Feeling Less Miserable

Feeling Less Miserable
May 31, 2021 withmagadmin

We first encountered Priyesh Trivedi on Instagram and our response to his paintings and graphic design was pretty much love at first sight. For the cover of Issue 1 of WITH we wanted to work with an Indian artist, and we were drawn to Priyesh because of his intersection of a very recognizable use of Indian educational posters, Deities, advertisements, and storytelling, but with a subversive, humorous, modern take on them. His sharp eye and irreverent commentary have placed him in the Forbes 30 Under 30 list and garnered him a sizable following of admirers.

In the midst of Cyclone Tauktae, Priyesh kindly answered the questions we put to him.

 

WITH: Your IG page is an awesome mix of mid-century Indian graphic art and Western graphic design. What was your childhood like in India that gave you your artistic perspective?

Priyesh: I grew up in the nineties, which was the most confused and culturally pivotal decade in India. The economy was liberalized and trade with the West was no longer restricted. In the past, it was rare to find something like a Walkman, but my generation had MTV and Playstation practically handed to them. That changed things for us.

In terms of the vintage Indian imagery, it just looked cool in relation to everything I was seeing around me. Growing up, there was no shortage of material as we had so many old calendars, magazines, and posters lying around the house. These images, combined with what you might call my dark sense of humor, helped to create the overall style.

W: The messaging you do with the Indian “sadvertisements” are both funny and biting – for example the Parry’s Eclairs or Taj Mahal Tea. Can you tell us about where this came from?

P: ‘Sadvertisements’ is a mini-series of illustrations parodying old Indian print ads with overt existential and cynical commentary. I remember watching Slavoj Zizek’s The Pervert’s Guide to Ideology a few years back where he was talking about Coca-Cola to make a broader point about Marx’s idea of how a commodity is not simply an object we buy and consume, but it has an aura of a certain metaphysical or even transcendental quality that is not inherent to the commodity but is assumed by the desire for it.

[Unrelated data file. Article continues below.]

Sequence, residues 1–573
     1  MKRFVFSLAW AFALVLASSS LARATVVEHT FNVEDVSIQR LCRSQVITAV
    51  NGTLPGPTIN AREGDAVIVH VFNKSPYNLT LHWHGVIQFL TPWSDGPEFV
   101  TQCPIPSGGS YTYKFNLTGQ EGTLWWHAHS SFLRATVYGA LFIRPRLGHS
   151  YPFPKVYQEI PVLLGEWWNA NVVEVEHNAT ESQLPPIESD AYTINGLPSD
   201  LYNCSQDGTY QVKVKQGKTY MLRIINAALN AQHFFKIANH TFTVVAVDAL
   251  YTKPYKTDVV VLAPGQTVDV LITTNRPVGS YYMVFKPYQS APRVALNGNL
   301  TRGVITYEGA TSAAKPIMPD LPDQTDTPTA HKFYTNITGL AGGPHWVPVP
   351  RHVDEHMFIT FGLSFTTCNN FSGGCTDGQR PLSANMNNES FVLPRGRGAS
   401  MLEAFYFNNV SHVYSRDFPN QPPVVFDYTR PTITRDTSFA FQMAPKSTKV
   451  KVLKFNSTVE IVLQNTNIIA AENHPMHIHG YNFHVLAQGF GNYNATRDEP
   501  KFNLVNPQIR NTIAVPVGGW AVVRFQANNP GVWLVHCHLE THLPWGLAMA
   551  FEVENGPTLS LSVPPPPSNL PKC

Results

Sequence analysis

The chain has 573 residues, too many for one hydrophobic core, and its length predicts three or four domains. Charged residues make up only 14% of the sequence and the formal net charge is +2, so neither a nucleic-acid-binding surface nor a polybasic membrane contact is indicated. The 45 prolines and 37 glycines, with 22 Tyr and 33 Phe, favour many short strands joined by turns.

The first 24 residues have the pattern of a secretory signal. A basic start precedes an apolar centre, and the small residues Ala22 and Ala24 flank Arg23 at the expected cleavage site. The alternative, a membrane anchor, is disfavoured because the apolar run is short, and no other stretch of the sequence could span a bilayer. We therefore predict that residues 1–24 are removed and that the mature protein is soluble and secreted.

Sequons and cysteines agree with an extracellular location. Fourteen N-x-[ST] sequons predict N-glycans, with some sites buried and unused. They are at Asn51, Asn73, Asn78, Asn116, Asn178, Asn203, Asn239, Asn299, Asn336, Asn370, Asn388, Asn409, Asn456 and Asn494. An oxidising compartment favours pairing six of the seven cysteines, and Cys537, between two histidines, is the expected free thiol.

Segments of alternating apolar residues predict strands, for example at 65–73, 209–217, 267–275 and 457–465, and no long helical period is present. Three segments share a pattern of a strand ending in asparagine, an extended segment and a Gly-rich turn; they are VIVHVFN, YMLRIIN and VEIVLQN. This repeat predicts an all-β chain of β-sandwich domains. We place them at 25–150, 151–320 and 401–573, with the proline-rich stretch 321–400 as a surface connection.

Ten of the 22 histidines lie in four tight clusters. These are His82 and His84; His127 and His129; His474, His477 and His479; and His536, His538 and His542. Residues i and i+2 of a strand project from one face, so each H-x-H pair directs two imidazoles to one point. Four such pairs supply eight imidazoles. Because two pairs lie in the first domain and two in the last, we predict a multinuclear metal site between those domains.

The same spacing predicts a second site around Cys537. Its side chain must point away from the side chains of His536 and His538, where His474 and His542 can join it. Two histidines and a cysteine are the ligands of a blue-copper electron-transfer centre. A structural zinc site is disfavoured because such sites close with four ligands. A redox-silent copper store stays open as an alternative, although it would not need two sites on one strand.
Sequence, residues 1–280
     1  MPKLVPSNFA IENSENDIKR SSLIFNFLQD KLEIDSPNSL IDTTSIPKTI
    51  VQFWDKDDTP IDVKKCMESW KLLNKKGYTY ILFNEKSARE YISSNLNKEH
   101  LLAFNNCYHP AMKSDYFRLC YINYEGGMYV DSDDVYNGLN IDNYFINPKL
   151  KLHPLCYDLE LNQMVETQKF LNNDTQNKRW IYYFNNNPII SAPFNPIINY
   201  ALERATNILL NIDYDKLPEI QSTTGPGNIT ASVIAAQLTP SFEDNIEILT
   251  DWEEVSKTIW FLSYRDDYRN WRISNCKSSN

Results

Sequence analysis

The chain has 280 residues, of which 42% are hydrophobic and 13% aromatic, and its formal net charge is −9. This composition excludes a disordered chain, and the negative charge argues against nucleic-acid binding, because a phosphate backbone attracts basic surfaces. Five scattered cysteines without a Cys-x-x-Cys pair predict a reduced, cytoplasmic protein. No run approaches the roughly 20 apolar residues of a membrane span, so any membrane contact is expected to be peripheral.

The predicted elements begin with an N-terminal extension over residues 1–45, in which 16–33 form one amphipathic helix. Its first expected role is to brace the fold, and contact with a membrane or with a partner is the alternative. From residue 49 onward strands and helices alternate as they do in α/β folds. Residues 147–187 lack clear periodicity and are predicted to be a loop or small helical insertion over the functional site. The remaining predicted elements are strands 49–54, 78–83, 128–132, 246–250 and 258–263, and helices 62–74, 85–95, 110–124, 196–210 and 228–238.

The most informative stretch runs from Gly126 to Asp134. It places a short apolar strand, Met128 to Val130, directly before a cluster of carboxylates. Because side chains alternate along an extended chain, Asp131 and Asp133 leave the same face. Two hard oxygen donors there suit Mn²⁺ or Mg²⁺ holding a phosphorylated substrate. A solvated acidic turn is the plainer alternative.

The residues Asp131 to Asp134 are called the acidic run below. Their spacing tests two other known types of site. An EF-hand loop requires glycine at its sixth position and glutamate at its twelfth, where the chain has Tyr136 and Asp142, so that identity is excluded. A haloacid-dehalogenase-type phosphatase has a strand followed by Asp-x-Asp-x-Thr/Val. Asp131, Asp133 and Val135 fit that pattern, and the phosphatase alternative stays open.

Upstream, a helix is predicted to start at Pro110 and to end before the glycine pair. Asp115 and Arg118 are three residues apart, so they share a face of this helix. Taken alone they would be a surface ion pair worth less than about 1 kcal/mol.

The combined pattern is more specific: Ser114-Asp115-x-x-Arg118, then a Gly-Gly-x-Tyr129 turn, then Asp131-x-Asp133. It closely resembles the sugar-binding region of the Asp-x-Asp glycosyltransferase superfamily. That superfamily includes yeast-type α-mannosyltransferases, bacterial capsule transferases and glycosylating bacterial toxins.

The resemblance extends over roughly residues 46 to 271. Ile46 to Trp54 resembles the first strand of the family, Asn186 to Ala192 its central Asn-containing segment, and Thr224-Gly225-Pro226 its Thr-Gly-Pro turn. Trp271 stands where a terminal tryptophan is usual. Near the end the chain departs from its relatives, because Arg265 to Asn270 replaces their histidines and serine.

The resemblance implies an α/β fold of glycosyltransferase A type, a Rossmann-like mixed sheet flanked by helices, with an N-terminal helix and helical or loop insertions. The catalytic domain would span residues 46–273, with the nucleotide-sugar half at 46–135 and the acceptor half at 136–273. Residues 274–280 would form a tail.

I wanted to convey desire through the lens of extreme escapism and denial.

Like the Parry’s candy ad where the kid has obviously been drained of joy in life. His only drive to live comes from the fleeting pleasure of eating the candy. In the Taj Mahal Tea ad, the woman is completely indifferent to the apocalyptic situation behind her. She wants to enjoy a good cup of tea.

To be clear, I see a lot of myself in these illustrations so it would be hypocritical to pretend that I am above any of it. My goal was to make the viewer chuckle and feel a bit less miserable.

W: One of my favorites on your IG is Kali’s tongue with what looks like an acid tab on it. I don’t want to read too much into it, so what’s going on in this image? It’s kind of genius in its subtlety. 

P: It was just pure subversion with no real thought or intent behind it. I think a lot of times I make something just because it looks cool in its vagueness. Most of my illustrations are intentionally ambiguous because I like to not limit the viewer to how I see things. Instead, I like to let them come to their own conclusions. Maybe it was just to flirt with the taboo around certain drugs like LSD and something that’s considered intrinsically pure as religion or deities. 

W: It’s not very common for Westerners to be exposed to subversive art from India. For example, you have done many works that poke fun at the educational posters found in Indian schools in the 1990s. Have you faced any pushback for creating and sharing these images?

P: The project that you’re referring to is called “Adarsh Balak”, which was a series I worked on from 2014 to 2017. It was a series of illustrations and comics critiquing the highly propagandist educational posters in Indian schools from the ’80s and ’90s. This series got me real recognition. Not just in India, but around the world. I was actually surprised at how little “trouble” I got in.

It’s easy to make something go viral by being rude and preachy, but I always believed in being subtle and not being provocative for the sake of being provocative. It’s easier to change someone’s opinion if you can get them to laugh.

Things have changed recently in the last couple of years though. I think there is a tendency both among the cultural right and the cultural left to mob up in the most primitive manner on anyone expressing themselves in a way that they find troubling. Artists are always an easy target. Just as an example, one of my paintings where a woman is lighting a cigarette using a diya (an oil lamp used mostly for religious rituals in Hinduism) really got people worked up and I got a lot of angry messages saying it’s insulting to women and Hindu culture. It would bother me if I wasn’t so indifferent to people’s opinions, but fortunately, I am.

W: Tell us about the painting of the Sadhu by the pool.

P: I think many of us struggle with what to renounce, how much to renounce, how much we can indulge, and how badly we should feel after we indulge. Like my other works, this illustration is a bit vague. What it is trying to say is that maybe he’s really in such a place living it up but he’s resting on a bed of nails in order to remind him of whatever remains of his ascetic lifestyle. Or, maybe his ascetic lifestyle is truly genuine and he is completely at peace inside his mind enough to experience a nice poolside summer.